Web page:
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We believe it is important to use multiple therapies simultaneously to manage osteoarthritis (OA) effectively. We individualize our treatment plan for each patient, but, in general, our recommendations for beginning treatment include some combination of:
PAIN MANAGEMENT WITH MEDICATION
Whether a pet’s signs are obvious or subtle, if it has OA it has pain. It almost always is worthwhile to begin treatment for OA with a month-long course of a pain relieving medication. While the other treatments mentioned here are essential to use at the same time, the beneficial effects of these treatments are slower to occur and sometimes milder than those of medication. (The nsaids Metacam and Previcox are our most common first choices for pain control because they are the safest and most effective medications in this category.)
Excessive body fat increases the mechanical stress on joints - it requires more effort to move a heavier body than a lighter one. Excessive fat does more than this, though: it is an active organ in the same basic ways that other body organs are. When fat is present in appropriate amounts it performs the essential tasks of storing and providing energy. When a pet is overweight or obese, however, the excess fat provokes inflammation and degeneration of other body parts, including the joints.
The steps of a simplified weight loss plan, if you are happy with the features and performance of the diet you are feeding your pet, include:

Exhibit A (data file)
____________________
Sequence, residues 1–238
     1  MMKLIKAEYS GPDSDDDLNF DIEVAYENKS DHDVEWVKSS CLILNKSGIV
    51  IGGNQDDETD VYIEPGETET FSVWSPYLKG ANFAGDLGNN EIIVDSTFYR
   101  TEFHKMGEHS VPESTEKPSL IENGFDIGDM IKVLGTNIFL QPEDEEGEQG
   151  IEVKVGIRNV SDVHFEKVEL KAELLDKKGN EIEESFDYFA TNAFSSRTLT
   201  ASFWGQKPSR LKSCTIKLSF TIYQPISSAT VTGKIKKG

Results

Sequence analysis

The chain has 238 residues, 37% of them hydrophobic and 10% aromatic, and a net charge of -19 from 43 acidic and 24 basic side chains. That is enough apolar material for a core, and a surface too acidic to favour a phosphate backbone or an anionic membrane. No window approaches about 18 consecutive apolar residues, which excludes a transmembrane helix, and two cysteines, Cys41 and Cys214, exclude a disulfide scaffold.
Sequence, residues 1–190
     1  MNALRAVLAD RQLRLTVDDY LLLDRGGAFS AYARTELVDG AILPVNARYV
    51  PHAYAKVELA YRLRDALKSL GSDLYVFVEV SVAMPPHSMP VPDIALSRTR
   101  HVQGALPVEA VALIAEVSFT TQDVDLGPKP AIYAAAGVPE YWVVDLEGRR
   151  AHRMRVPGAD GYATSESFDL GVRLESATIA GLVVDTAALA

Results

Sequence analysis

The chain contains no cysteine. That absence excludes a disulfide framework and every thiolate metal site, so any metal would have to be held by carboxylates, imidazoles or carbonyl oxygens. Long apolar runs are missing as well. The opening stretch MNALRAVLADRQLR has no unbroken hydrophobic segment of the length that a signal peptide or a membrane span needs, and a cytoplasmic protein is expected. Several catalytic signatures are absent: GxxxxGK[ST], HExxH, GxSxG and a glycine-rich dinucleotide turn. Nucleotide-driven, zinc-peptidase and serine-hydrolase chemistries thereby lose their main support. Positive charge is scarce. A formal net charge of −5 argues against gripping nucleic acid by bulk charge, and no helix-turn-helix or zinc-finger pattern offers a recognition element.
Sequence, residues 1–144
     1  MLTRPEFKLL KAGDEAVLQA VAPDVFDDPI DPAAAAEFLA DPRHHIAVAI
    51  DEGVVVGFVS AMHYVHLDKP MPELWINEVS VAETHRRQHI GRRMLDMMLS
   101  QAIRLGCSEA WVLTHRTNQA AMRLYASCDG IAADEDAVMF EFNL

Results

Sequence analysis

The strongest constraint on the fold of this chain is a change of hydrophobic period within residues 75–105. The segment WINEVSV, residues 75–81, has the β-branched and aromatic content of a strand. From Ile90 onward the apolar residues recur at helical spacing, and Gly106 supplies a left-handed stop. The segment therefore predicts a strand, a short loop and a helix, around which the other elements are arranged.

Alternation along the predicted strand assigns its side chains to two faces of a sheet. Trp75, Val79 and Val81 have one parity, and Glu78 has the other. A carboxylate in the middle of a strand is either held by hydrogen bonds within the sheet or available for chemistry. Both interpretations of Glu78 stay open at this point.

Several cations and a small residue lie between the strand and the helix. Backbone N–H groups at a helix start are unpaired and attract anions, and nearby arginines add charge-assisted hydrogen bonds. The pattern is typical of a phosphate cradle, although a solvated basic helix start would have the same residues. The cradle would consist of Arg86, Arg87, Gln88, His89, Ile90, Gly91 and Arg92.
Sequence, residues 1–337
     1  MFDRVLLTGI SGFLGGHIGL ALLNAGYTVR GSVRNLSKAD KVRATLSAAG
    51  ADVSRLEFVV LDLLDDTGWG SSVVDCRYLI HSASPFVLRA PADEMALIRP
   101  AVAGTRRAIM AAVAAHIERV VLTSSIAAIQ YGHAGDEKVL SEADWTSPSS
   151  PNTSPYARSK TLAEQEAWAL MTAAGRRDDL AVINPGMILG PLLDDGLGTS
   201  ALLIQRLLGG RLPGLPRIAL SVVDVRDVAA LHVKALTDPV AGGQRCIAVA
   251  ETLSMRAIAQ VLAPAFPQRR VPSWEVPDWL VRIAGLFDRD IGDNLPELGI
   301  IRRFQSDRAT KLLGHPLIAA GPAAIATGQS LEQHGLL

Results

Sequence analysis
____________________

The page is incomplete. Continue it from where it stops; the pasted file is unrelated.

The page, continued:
- continue the same food and treats
- measure the amount you are currently feeding
- decrease this amount by 10 to 25%
- reweigh regularly
EXERCISE, THERAPEUTIC EXERCISES, AND REHABILITATION THERAPY
In addition to pain, OA also features reduced range of motion in affected joints and loss of strength due to decreased muscle mass and tone. Physical activity is the only sure way to manage these complications of OA. The exercise goal for osteoarthritic patients is frequent activities of short duration; the exercises should not last long enough or be intense enough to worsen the pet’s lameness. At the same time it is ideal to regularly exercise the pet to its maximum ability. Simple walking provides great benefits. It is relatively easy to do some therapeutic exercises and rehabilitation therapy at home too.
FATTY ACIDS (FISH OIL)
Fatty acids (aka omega-3 and fish oil) have significant anti-inflammatory effect throughout the body, including the joints. They only work when given as a daily supplement, and there is convincing evidence that using them at 2 to 3 times the commonly recommended dose improves their effectiveness when they are used to treat osteoarthritis. (We believe Prescription Diet J/D and the supplements Derma-3 and Welactin are the best sources of fatty acids for pets.)
JOINT PROTECTIVE COMPOUNDS
Joint protective compounds are supplements that maintain or improve the quality of the joint fluid, cartilage, and other joint tissues. Glucosamine/chondroitin sulfate daily oral supplements are the most well-known agents in this class, but we often use injectable psgags (polysulfated glycosaminoglycans) as well. (Dasuquin is the best oral supplement, and Ichon and Adequan are the most-commonly used injectable psgags.)
ADDITIONAL TREATMENT OPTIONS
It is our recommendation to begin OA therapy with a combination of treatments described above, but other options exist. Some that we have used and believe are worth considering for select patients are:
- LASER THERAPY
- INTRA-ARTICULAR INJECTIONS (injections into the arthritic joints)
- REGENERATIVE STEM CELL THERAPY
- REFERRAL TO A REHAB SPECIALIST
Some therapies that we have not seen good results with and that we do not believe are worth considering are:
- herbal therapy
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